Hundreds of volunteers show up for 24th annual Truckee River Day |

Hundreds of volunteers show up for 24th annual Truckee River Day

Hannah Jones
Volunteers worked on restoration projects around Truckee on Sunday for the 24th annual Truckee River Day.
Hannah Jones/

Nearly 600 volunteers were scattered across Truckee on Sunday restoring meadows and wetlands as part of the Truckee River Watershed Council’s 24th annual Truckee River Day.

At McIver Dairy, a popular sledding hill and one of several restoration sites, volunteers worked to plant new grass in the dried ground.

“We just wanted to come out and give back to the community because we’ve all sledded on this hill when we were younger and we just wanted to help out,” said Anna Persons-Wirth as she worked alongside members of her Girl Scout Troop 1083.

“We’ve all gone through classes in high school learning about this kind of environmental stuff,” said Maggie Mann, also a member of Troop 1083. “So it’s nice to be involved in it.”

Further up the road on the same site another group of volunteers cut down stray willow branches and replanted them.

“There’s a drainage outlet that’s been reconstructed so we’re going to put willows around it to stabilize it,” said Tony Lashbrook, lead volunteer on the project. “This site gets a lot of urban runoff so the water coming down Donner Pass Road flows out right here,” he said, pointing to the drainage.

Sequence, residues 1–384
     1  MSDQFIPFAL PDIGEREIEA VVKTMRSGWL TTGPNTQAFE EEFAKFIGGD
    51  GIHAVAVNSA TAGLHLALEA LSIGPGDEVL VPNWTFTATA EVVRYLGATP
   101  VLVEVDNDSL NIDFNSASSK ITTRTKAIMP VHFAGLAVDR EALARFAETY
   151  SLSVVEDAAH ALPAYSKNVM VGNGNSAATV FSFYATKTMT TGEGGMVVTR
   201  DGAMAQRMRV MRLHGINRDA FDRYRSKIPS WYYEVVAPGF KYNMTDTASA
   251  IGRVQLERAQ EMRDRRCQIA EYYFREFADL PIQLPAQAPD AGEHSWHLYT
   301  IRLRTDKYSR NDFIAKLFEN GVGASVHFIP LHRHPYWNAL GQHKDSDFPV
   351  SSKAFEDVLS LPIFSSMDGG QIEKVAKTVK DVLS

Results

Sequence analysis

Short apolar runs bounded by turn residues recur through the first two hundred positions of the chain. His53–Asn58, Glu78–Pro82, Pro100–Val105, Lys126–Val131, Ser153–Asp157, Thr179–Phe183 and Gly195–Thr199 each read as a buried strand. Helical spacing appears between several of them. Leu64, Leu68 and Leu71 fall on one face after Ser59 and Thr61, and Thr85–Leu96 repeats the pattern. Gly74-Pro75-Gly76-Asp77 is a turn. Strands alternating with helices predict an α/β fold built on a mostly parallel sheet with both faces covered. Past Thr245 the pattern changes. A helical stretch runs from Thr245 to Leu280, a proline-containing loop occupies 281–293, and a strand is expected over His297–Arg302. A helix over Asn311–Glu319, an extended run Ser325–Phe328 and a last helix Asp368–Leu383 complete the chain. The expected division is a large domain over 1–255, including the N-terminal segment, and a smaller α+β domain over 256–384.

A Truckee River Watershed Council board member, who was present at the first Truckee River Day in 1996, Lashbrook said he’s passionate about maintaining the natural environment in Truckee.

Other long term projects focus on bringing life back to the meadow by directing the public to use portions of the property that are the least sensitive, Lashbrook said.

The project at McIver Dairy only took a few hours, along with projects at Dry Creek in Russell Valley, the Martis Wildlife area and Sagehen and Tahoe Donner. Full day projects included building a new boardwalk across wetlands at Donner Camp, helping with meadow restoration, seeding, mulching and planting willows in Perazzo Meadows and installing willow wattles along Squaw Creek to help stabilize eroding stream banks.

Hannah Jones is a reporter for the Sierra Sun. She can be reached at or 530-550-2652.

Support Local Journalism

Your support means a better informed community.